Digg has arrived with its replacement version of the Google Reader and it is on the selfsame API. It will open on June 26th for everyone and the friends and family beta will launch even earlier (on the 19th). According to the official blog, the big thing about beta is that it comes absolutely without any costs. In a survey conducted it was found out that nearly half the respondents would prefer a replacement for the Google Reader. And the amazing fact is they are willing to pay for it. There was a general feeling among the people that free services don’t last long. The fact that everybody owns it means by its very nature that nobody cares about it.
The Digg Reader is going to be a premium service. All the Google Reader migrants to the new Digg Reader page will be sufficient to make it a worthwhile experiment. The original version was formed in just a three month time span. While it looks awesome and is similar to the Google Reader in many ways it still misses a few features. The words that are appropriate and fit the new Digg Reader are: clean, simple, functional and fast.
In the beginning 17,000 exclusive customers will get access to the special service. Beyond that anyone who signs up will be free to come on board the Digg Experience. Within a week of the new startup the Google Reader will wind up operations. There will be a mass level of reaching for the new service before the old one ends. The big challenge was to make the new contraption fit the Internet environment of 2013. Some people have taken the end of Google Reader to be the final parting shot of RSS. But the fact is that it is worthy of being kept as a valuable tool.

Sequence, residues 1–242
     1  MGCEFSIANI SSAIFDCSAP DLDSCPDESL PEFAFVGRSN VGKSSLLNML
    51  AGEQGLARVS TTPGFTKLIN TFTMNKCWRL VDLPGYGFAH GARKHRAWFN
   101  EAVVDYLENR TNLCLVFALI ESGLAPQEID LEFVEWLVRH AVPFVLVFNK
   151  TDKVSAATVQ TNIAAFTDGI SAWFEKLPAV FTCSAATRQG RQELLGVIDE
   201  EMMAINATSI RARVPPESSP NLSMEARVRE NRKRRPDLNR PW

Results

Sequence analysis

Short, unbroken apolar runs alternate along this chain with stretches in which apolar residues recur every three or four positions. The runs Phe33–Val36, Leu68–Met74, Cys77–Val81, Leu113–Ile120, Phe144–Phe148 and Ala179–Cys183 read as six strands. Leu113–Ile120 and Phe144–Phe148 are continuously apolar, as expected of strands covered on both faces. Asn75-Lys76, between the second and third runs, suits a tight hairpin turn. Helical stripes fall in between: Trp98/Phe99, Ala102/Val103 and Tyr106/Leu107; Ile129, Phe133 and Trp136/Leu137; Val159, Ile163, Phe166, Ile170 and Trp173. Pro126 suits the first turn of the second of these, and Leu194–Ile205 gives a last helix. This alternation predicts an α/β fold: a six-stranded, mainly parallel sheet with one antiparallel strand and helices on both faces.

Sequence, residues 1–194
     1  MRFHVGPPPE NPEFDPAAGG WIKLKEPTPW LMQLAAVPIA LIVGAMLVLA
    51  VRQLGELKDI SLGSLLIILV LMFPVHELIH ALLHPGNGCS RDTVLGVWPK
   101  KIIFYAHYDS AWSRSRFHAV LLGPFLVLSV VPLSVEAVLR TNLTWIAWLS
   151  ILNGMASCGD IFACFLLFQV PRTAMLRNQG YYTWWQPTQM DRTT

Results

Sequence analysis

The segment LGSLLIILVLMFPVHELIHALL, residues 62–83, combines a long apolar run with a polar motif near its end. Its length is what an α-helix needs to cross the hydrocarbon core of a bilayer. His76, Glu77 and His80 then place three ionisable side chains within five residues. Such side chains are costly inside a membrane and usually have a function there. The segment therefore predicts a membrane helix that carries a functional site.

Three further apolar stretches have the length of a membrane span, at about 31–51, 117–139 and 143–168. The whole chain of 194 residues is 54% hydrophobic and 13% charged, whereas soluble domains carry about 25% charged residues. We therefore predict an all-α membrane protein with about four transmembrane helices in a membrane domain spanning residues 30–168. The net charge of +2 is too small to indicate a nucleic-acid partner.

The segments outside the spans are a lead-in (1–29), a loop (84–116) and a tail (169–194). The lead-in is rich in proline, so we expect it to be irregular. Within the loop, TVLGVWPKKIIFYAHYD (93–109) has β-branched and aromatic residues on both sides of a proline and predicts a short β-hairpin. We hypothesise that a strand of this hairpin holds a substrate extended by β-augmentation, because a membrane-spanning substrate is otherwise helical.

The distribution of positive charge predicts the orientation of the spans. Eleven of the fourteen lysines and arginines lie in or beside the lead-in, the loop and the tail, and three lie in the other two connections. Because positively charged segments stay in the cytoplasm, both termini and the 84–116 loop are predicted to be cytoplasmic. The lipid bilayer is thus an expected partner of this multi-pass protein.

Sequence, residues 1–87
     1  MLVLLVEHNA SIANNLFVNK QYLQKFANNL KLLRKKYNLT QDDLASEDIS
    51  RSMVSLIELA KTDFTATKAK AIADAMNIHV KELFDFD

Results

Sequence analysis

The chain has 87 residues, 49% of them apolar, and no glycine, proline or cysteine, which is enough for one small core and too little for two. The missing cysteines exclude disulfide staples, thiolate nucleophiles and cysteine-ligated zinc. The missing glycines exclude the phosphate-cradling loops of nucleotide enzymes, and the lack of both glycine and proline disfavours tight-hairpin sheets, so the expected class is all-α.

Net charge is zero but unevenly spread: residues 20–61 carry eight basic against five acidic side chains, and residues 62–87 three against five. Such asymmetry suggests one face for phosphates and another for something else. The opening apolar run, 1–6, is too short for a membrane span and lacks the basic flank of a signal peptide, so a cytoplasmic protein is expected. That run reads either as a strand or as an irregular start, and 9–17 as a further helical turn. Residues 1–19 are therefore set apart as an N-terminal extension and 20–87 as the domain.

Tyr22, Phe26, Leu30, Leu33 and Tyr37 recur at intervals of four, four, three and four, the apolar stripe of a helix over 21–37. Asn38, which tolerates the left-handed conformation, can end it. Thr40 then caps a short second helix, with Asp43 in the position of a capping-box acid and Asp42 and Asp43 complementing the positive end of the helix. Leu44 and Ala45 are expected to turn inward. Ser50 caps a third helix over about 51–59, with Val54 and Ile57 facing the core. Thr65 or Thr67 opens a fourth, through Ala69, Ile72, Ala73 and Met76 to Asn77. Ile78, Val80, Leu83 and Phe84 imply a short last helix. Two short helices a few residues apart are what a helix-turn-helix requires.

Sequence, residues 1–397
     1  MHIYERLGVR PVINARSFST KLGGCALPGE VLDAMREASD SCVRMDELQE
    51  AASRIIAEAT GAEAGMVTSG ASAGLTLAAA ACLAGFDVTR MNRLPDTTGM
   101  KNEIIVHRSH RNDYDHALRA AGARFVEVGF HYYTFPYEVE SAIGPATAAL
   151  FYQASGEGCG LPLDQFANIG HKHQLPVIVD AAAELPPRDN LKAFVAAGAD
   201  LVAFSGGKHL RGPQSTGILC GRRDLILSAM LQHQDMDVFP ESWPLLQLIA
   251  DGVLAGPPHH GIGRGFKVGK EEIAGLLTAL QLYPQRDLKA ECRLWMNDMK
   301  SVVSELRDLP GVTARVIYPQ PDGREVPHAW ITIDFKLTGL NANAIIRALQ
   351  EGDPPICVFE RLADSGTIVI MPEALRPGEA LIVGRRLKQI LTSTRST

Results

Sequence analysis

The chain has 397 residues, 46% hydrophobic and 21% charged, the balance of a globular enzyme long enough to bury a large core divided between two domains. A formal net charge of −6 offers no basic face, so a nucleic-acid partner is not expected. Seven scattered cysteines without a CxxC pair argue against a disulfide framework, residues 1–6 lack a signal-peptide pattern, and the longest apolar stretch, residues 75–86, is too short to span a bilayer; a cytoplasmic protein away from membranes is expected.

Digg Reader was built by what consisted of a five person team of dedicated individuals. Meanwhile, on July 1st Google Reader says its bye byes. This new service that will take over from the unwieldy past one is a great blessing for the intellectual bibliophile crowd out there. Now anyone can read anything he or she wants with freedom and pleasure.